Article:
Converter for Induction motor / BLDC Motor / PMSM Motor 3 Leg Converter with builtin singal conditioning
DC Motor DC DC Converter
SRM Motor SRM Motor Controller

All examples in ths course are prepared based up the NI 9054 cRIO hardware with NI 9220 analog input module and 9401 digital input/output module. This configuration can be replaced with any other RIO hardware architecture by considering the following parameters.


Controller: Processing power + FPGA size + RAM + Number of slots + Network connectivity

Analog input module: Number of channels + Sampling rate + Resolution + Voltage range

Digital input/output module: Number of channels + Update rate + Voltage level

1.4 PE libraries for FPGA

This library contains the basic functions required for the power electronics and motor control applications. It contains three basic sections.

  1.  Waveforms
  2.  Time
  3.  PWM

1.4.1 Waveforms

One common method to generate the repetitive waveforms with high degree of frequency and phase control is Direct Digital Synesis (DDS) method. The waveforms are having better relative frequency control as well as precise phase control between multiple waveforms. All the waveforms are configured using express VI with desired signal frequency and constant amplitude (+/-1). User can dynamically change the signal frequency using the Frequency (periods / ticks) node. DDS implementation requires three main hardware building blocks.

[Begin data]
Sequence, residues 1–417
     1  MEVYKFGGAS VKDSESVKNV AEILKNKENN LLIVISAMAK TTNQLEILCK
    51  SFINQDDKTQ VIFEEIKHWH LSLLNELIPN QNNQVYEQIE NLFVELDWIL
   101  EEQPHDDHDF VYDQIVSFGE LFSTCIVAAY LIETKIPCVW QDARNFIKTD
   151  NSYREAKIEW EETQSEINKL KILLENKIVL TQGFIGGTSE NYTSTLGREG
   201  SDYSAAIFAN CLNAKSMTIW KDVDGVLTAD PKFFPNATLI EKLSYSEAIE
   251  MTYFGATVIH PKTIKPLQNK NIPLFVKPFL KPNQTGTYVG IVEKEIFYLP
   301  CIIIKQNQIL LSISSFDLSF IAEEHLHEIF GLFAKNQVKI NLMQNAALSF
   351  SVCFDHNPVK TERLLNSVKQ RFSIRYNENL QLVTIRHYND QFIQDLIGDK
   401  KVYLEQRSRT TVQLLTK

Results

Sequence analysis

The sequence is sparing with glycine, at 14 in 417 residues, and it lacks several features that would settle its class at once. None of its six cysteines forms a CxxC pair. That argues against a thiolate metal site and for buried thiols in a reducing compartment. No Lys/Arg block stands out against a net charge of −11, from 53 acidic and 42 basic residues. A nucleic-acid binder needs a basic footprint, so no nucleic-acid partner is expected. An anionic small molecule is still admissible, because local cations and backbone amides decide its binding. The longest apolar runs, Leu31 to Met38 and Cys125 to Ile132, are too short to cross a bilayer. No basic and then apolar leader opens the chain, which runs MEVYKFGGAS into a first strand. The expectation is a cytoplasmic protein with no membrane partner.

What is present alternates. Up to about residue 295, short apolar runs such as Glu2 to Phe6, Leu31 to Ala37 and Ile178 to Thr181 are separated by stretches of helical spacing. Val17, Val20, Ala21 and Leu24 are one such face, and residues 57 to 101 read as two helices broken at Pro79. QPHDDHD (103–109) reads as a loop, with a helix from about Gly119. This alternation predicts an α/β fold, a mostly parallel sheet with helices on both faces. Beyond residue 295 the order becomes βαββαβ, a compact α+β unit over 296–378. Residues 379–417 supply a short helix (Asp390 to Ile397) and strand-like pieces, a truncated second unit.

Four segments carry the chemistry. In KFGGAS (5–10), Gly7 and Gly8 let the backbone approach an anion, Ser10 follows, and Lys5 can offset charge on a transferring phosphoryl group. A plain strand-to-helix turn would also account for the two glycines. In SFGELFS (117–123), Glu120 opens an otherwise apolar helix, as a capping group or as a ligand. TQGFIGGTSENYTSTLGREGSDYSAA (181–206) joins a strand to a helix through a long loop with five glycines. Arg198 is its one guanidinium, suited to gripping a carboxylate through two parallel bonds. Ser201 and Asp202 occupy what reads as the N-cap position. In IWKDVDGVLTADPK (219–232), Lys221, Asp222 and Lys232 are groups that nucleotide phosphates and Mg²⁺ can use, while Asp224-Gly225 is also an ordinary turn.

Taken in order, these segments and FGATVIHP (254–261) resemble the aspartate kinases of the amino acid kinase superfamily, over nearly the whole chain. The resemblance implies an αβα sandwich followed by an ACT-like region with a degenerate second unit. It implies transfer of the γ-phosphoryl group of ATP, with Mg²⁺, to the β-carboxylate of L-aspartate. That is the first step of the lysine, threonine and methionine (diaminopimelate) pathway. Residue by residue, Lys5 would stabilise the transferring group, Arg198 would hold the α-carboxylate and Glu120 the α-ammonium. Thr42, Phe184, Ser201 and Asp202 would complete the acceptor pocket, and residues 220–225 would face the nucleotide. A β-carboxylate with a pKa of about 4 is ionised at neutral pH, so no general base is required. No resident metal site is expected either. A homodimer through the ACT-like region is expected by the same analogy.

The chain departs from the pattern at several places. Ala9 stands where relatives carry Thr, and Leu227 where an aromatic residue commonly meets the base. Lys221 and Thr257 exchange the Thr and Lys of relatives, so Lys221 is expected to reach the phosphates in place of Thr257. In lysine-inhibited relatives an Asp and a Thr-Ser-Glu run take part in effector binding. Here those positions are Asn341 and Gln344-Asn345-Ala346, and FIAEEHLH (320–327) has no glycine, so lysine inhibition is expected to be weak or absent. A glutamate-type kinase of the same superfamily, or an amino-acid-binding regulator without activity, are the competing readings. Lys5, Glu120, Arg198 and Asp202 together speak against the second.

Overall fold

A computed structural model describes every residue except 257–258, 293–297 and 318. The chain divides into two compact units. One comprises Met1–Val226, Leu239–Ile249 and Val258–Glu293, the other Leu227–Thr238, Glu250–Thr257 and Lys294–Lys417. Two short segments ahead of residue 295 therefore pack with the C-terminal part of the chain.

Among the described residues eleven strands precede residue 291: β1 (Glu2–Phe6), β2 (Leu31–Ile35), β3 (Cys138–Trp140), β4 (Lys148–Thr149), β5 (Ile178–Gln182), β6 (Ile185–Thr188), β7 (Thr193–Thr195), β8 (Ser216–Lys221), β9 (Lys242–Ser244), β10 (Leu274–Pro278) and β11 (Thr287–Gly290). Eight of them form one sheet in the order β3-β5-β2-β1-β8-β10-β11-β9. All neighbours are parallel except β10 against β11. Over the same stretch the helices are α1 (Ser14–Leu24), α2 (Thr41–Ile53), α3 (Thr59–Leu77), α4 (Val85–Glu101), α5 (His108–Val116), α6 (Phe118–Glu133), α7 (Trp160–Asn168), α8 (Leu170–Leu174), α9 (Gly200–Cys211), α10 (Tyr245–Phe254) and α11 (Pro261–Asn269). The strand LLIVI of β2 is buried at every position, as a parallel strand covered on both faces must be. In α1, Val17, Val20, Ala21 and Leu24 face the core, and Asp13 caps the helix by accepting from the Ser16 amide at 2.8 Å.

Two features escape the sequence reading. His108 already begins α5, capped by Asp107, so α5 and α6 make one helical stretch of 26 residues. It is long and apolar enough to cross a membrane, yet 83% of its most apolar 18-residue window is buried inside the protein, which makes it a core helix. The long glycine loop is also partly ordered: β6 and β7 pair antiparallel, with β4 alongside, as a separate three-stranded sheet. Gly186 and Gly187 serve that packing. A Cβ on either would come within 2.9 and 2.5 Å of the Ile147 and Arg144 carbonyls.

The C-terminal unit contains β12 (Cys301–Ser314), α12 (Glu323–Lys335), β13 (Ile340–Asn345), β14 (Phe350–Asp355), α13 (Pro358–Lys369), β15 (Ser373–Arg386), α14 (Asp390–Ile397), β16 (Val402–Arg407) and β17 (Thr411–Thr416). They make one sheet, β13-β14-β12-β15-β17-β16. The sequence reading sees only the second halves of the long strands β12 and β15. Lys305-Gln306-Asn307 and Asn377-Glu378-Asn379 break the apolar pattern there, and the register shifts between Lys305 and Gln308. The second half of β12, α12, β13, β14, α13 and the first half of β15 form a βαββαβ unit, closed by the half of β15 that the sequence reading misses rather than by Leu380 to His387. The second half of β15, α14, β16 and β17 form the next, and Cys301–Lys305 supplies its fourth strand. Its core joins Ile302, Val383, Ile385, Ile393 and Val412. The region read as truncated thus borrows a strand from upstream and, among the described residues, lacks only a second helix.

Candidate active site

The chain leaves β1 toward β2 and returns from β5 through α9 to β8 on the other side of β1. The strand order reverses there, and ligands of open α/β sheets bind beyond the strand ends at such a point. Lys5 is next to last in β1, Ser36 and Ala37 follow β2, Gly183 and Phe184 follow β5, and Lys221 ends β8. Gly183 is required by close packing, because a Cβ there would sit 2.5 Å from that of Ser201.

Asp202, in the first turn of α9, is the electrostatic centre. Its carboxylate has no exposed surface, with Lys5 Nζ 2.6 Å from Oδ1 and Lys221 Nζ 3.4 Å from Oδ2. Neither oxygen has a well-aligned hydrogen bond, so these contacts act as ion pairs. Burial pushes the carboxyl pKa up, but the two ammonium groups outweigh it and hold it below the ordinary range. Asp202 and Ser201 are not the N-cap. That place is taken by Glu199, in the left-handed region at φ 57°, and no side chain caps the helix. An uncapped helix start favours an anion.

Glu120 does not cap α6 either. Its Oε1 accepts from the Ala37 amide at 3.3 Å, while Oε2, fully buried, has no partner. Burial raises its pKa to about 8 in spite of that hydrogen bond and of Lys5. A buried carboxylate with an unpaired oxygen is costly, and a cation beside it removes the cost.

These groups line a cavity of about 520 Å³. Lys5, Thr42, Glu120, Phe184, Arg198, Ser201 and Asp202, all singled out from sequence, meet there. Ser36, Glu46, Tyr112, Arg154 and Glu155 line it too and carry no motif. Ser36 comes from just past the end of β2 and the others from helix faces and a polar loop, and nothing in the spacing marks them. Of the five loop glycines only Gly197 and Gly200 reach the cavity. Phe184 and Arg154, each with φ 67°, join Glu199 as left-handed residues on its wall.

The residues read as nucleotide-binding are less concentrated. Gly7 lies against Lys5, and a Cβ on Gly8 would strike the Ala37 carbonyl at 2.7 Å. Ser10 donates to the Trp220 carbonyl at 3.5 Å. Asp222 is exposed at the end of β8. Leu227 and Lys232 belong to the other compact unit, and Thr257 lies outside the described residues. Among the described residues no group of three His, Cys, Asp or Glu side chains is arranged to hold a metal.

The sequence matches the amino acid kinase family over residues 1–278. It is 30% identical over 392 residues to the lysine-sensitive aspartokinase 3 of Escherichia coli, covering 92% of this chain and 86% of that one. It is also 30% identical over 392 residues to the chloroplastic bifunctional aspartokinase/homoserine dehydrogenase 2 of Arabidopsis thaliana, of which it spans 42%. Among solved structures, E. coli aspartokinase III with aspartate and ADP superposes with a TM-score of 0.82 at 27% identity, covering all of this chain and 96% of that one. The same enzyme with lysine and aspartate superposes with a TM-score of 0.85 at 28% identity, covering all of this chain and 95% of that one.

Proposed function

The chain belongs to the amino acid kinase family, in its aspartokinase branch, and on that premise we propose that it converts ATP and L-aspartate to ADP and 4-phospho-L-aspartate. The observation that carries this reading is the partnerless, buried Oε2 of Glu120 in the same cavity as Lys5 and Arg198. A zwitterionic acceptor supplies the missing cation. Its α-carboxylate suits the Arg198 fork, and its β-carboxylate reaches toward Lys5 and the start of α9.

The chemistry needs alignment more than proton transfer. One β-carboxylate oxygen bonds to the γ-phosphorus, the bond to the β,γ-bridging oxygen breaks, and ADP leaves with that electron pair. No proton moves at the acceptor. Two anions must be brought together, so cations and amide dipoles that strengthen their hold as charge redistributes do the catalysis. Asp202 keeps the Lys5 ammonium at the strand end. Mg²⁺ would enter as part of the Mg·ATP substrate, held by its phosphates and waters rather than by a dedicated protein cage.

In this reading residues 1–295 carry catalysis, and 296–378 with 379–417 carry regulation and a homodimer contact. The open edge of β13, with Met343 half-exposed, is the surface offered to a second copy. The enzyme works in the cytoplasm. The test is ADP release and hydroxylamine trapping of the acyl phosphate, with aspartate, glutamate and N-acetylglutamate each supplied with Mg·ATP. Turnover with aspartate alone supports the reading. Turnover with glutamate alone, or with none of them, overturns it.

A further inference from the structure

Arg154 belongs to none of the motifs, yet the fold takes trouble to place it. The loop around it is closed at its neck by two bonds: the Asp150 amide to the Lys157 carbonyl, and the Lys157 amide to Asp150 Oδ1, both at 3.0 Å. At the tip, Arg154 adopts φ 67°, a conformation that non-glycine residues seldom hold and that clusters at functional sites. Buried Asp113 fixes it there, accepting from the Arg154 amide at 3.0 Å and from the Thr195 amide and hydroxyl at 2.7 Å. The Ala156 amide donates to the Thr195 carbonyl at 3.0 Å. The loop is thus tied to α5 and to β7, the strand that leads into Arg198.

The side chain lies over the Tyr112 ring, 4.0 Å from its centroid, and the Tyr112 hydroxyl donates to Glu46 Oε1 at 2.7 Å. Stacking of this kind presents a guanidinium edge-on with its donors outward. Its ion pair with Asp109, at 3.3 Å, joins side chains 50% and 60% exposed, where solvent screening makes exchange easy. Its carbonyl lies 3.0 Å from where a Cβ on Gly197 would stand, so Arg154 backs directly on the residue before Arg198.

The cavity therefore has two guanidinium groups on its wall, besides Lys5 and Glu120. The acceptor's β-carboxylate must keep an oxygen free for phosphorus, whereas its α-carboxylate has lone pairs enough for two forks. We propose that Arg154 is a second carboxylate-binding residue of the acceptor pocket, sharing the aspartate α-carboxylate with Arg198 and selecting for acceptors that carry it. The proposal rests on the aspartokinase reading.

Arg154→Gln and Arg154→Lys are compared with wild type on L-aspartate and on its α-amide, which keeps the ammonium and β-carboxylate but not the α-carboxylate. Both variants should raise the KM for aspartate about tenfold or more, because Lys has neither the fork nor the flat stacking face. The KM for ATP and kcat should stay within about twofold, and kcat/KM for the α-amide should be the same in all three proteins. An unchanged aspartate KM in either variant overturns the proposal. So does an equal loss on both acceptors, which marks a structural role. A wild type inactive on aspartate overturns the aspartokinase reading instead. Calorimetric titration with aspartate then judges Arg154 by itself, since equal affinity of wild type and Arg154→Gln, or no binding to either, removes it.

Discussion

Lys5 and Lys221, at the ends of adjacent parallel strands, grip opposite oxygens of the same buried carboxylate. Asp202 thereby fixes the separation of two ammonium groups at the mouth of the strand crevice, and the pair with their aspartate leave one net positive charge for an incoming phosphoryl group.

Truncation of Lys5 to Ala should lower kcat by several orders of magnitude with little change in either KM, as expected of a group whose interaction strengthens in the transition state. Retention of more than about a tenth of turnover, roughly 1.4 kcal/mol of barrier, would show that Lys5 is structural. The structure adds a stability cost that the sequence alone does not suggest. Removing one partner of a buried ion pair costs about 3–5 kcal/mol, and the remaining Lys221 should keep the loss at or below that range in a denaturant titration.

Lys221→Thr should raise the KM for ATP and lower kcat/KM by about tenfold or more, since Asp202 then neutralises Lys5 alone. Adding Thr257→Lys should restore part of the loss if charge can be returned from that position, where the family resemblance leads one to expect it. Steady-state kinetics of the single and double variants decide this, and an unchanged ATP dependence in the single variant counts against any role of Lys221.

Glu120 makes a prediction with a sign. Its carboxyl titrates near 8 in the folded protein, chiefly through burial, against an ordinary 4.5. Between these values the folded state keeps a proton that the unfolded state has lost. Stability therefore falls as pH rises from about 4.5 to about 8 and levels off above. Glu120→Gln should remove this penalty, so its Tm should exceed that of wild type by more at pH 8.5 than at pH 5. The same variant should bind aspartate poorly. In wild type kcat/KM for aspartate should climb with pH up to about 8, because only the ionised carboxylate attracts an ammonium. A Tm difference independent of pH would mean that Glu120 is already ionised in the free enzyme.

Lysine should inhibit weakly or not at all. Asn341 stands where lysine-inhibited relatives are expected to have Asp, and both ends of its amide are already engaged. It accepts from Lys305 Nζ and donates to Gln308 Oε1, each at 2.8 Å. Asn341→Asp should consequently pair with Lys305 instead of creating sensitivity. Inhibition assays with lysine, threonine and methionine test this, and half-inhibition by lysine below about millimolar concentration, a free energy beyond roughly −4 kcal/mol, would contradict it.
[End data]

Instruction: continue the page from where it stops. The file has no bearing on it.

1. Sample Clock

2. Phase accumulator

3. Lookup table

The block diagram of the Direct Digital Synthesis is given below.

Block diagram of the Direct Digital Systhesis Architecture

Sample clock

The sample, or reference, clock is used to create the frequency tuning word, update the phase accumulator value, and generate the output signal. The sample clock determines when a sample is generated, but it does not directly determine the frequency of the output signal.

Phase accumulator

To create the signal at a precise frequency, the phase accumulator uses three general components.

1. The phase accumulator uses the tuning word to specify the frequency of the signal. The tuning word is a 24 to 48-bit digital word, that specifies how many samples to jump in the waveform memory.

2. The adder takes the tuning word and sums it to the phase register remainder. The new digital value is output to the phase register.

3. The final component of the phase accumulator, the phase register, takes the new digital word and use it to specify the memory address of the next sample point to the output in the lookup table. The phase register takes the remaining most significant bits not used in the lookup table memory address and provides them back to the adder to ensure frequency precision over time.

Lookup table.

The output of the phase register only looks like a digital ramp as the memory address increases over time, which is changing at the rate specified by the tuning word. Therefore, to output the wanted waveform, the output of the phase register points to the needed waveform samples address in the lookup table. The lookup table then provides the digital word at the provided memory address, which is the digital word of the correct amplitude and phase for the output waveform.